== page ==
Kesha's "Hate Crime" Claims Against Dr. Luke Thrown Out by Judge

"Every rape is not a gender-motivated hate crime," writes a New York judge.
Harmony Gerber/FilmMagic/Getty Images; Jason LaVeris/FilmMagic/Getty Images

New York Supreme Court Justice Shirley Kornreich has just given Dr. Luke (Lukasz Gottwald) and Sony Music a huge legal victory by dismissing all but one of Kesha Rose Sebert's counterclaims against the producer.

Following up on her decision to deny an injunction, the judge examines Kesha's allegations accusing Dr. Luke of drugging and raping her a decade ago and committing ongoing abuse and determines that some of her discrimination claims fail because of lack of jurisdiction and other claims just don't make the elements.

On Kesha's assertion that Dr. Luke has violated New York statutes commonly referred to as "hate crime" laws, Kornreich says the facts as pled don't add up to the allegation that Dr. Luke harbored animus towards women.

"Every rape is not a gender-motivated hate crime," she writes. 

Kornreich also rules that such a claim can't be predicated on all of the abusive remarks and threats made over a 10-year period — that there needs to be physical violence or property damage. The only allegation that fits is Dr. Luke's alleged assault of Kesha on an airplane and rape in a hotel before 2008, but that's past a statute of limitations that runs no longer than five years. "The claim is time-barred," states the judge's opinion.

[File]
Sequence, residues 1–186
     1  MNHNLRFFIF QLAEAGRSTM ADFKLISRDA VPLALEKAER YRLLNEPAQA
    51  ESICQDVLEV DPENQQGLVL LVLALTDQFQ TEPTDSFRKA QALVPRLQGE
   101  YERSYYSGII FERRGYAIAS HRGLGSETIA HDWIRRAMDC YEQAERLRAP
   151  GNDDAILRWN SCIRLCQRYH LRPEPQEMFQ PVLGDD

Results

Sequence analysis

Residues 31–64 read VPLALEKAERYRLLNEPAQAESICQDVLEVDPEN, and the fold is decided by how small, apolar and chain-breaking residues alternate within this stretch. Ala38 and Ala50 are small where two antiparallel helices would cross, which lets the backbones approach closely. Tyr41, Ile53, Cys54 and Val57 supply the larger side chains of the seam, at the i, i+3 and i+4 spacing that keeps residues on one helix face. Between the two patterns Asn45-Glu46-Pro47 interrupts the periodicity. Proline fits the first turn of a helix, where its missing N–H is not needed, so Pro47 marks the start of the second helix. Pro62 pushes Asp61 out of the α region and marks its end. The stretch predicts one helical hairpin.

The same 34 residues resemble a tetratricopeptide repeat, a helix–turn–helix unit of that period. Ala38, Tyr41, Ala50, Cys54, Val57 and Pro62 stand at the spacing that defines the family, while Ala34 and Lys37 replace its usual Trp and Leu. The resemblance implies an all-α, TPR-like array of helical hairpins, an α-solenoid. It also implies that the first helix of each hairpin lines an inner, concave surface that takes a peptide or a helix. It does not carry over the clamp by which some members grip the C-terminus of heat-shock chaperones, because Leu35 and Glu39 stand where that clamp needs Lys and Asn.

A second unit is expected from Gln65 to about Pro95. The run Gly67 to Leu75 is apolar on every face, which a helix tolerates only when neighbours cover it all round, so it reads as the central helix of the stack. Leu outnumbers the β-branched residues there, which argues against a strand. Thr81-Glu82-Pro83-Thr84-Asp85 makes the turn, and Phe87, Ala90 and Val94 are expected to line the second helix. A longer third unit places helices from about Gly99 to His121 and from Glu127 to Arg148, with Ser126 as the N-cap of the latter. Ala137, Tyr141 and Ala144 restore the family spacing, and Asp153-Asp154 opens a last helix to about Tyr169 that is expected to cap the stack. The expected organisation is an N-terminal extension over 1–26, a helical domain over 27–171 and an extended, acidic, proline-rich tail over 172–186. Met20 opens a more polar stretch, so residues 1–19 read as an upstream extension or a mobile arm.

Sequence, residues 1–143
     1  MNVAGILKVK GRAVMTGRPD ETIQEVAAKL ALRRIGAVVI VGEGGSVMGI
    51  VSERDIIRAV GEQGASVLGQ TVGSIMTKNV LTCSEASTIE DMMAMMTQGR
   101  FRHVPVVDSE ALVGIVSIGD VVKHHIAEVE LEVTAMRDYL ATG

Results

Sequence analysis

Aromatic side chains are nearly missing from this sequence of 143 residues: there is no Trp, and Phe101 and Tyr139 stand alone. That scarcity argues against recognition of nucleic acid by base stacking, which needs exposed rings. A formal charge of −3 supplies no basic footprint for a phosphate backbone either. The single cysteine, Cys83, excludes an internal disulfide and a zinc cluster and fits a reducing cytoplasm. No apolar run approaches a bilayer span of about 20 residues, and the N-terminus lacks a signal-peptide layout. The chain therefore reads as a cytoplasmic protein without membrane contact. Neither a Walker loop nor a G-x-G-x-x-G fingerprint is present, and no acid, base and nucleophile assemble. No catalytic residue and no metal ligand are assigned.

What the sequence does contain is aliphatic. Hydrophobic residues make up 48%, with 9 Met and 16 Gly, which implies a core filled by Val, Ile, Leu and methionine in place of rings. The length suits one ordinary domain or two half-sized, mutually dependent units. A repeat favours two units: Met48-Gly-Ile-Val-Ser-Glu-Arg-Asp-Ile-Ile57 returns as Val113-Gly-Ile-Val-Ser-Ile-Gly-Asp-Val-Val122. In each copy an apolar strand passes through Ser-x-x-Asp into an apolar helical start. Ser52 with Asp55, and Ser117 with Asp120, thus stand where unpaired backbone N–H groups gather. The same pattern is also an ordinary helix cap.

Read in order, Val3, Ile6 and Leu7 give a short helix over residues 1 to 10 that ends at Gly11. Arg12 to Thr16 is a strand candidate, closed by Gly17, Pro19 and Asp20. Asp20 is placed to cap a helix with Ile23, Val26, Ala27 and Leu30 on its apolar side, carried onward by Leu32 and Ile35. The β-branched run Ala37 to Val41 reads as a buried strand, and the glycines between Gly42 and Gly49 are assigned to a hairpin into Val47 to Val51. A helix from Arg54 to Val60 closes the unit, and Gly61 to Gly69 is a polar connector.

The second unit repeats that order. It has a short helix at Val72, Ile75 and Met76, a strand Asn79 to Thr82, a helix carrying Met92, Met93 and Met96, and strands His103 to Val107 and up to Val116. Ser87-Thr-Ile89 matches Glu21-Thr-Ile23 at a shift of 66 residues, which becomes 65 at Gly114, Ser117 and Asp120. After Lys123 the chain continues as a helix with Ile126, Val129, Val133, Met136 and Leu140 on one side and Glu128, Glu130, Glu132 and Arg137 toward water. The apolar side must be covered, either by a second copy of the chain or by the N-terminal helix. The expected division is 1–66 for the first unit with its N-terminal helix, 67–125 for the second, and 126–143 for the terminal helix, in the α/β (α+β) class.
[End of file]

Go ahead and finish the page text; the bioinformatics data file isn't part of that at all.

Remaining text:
As for a claim of intentional infliction of emotional distress, the judge writes that "insults about her value as an artist, her looks and her weight are insufficient to constitute extreme, outrageous conduct intolerable in civilized society."

Kesha was hoping for a declaratory judgment that her recording and songwriting agreements with Dr. Luke's companies were void and unenforceable, and while there's one counterclaim that survives as to whether her agreement terminated when she was sued for breach of contract, she can't use Dr. Luke's decision to sue for damages instead of performance as an out. "Courts generally will not enforce a contract for personal services because slavery has been outlawed since the 19th century," notes the judge.

Maybe most disastrous for Kesha, the judge is dismissing the claims without an opportunity to amend her complaint. She recently added a star attorney to her team and has filed an appeal over the judge's conclusion that after Dr. Luke and Sony spent $20 million to build up Kesha's career, it was commercially unreasonable to rip up contracts. Unfortunately for her, there's little good news for the pop superstar from the decision today.  At best, the judge's latest decision that her court doesn't have jurisdiction to hear discrimination claims — because the acts didn't occur in New York — may prompt a return of Kesha's California lawsuit, which was paused because of a forum clause in the contract between the warring parties.

Update: There's a lot of misleading information about today's ruling, so as a public service, here's a copy of the actual opinion:

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